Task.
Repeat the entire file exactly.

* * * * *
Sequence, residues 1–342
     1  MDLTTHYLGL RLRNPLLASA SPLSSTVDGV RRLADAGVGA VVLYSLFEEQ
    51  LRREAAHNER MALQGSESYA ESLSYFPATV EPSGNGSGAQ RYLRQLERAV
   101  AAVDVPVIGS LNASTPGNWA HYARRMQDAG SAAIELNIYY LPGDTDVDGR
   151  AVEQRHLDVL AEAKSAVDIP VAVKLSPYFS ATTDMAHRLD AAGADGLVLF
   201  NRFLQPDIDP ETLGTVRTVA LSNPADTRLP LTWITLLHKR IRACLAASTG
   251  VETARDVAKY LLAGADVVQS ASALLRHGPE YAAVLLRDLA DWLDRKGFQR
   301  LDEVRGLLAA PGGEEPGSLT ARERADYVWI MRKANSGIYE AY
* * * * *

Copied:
Sequence, residues 1–342
     1  MDLTTHYLGL RLRNPLLASA SPLSSTVDGV RRLADAGVGA VVLYSLFEEQ
    51  LRREAAHNER MALQGSESYA ESLSYFPATV EPSGNGSGAQ RYLRQLERAV
   101  AAVDVPVIGS LNASTPGNWA HYARRMQDAG SAAIELNIYY LPGDTDVDGR
   151  AVEQRHLDVL AEAKSAVDIP VAVKLSPYFS ATTDMAHRLD AAGADGLVLF
   201  NRFLQPDIDP ETLGTVRTVA LSNPADTRLP LTWITLLHKR IRACLAASTG
   251  VETARDVAKY LLAGADVVQS ASALLRHGPE YAAVLLRDLA DWLDRKGFQR
   301  LDEVRGLLAA PGGEEPGSLT ARERADYVWI MRKANSGIYE AY